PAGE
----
While we find no Louisiana case addressing a challenge to the videoing of an illegal narcotics transaction by a purchaser working for law enforcement, we do note that the holding in U.S. v. Nash, No. 4:13-CR-0022-TWP-MGN, (S.D. Ind. Oct. 2, 2013), has addressed that question within the context of U.S. Const. amend. IV, and found no violation of that amendment. In Nash, the purchaser videoed the transaction in the defendant's home, and the defendant challenged the admissibility of that video. The court discussed the issue as follows:

" [T]here is a substantial distinction between " revelation[s] to the Government by a party to conversations with the defendant" and eavesdropping on conversations without the knowledge or consent of either party to it. A homeowner takes the risk that his guest will cooperate with the Government but not the risk that a trustworthy friend has been bugged by the Government without his knowledge or consent. [ U.S. v. Karo,] 468 U.S. [705] at 716 n. 4[, 104 S.Ct. 3296, 82 L.Ed.2d 530 (1984)] (citing United States v. White, 401 U.S. 745, 749, 91 S.Ct. 1122, 28 L.Ed.2d 453 (1971)) (emphasis added). Here, Mr. Nash forfeited his privacy interest in the marijuana grow when he voluntarily exposed the activities to his invited guest, who happened to be a CI equipped with audio and video recording devices. There can be no debate about the applicability of Karo to this case; the Supreme Court deliberately distinguished the facts of that case from those in Mr. Nash's. Based on Karo, it simply cannot be said that the Fourth Amendment precludes a confidential informant from recording his interactions with a suspect inside the suspect's residence and delivering the recordings to law enforcement.
[14-390 La.App. 3 Cir. 8] In reaching this decision, the Court notes that nearly half a century ago, the Supreme Court held that the government's use of confidential informants to acquire evidence of a crime is not an unconstitutional search or seizure under the Fourth Amendment when the informant discloses his conversations with a defendant to government investigators. Hoffa v. United States, 385 U.S. 293, 303, 87 S.Ct. 408, 17 L.Ed.2d 374 (1966). In Hoffa, the court held that the failure to disclose that a visitor is a CI to the target of an investigation does not negate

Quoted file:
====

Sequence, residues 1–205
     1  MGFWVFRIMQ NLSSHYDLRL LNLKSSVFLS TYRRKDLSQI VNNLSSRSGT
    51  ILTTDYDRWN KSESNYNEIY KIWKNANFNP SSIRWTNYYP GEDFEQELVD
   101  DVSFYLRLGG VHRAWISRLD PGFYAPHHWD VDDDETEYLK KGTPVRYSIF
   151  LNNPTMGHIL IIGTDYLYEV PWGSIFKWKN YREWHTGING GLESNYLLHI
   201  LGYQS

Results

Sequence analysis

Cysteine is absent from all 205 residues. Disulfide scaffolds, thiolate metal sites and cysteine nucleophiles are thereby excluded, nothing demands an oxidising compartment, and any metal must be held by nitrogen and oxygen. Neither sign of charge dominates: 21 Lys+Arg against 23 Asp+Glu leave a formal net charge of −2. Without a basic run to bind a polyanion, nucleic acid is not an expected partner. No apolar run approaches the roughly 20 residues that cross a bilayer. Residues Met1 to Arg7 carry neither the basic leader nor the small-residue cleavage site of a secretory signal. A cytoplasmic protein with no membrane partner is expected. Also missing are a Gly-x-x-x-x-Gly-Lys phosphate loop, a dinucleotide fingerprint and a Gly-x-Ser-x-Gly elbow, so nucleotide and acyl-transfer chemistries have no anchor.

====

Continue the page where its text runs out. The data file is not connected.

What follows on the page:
Page 93

a defendant's consent to the entry of that visitor because of the defendant's ignorance of the informant's true purpose. Id. Where the conversations disclosed to the government were directed at the informant or conducted in his presence, the court made it clear that the Fourth Amendment does not protect " a wrongdoer's misplaced belief that a person to whom he voluntarily confides his wrongdoing will not reveal it." Id. at 302.
Just as an individual's right to protection against search and seizure is not violated by a CI's disclosure of what the individual believed to be a private conversation, neither is this right violated if the CI records the conversation. White, 401 U.S. at 751 (citing Lopez v. United States, 373 U.S. 427, 83 S.Ct. 1381, 10 L.Ed.2d 462 (1963)). In White, the court stated: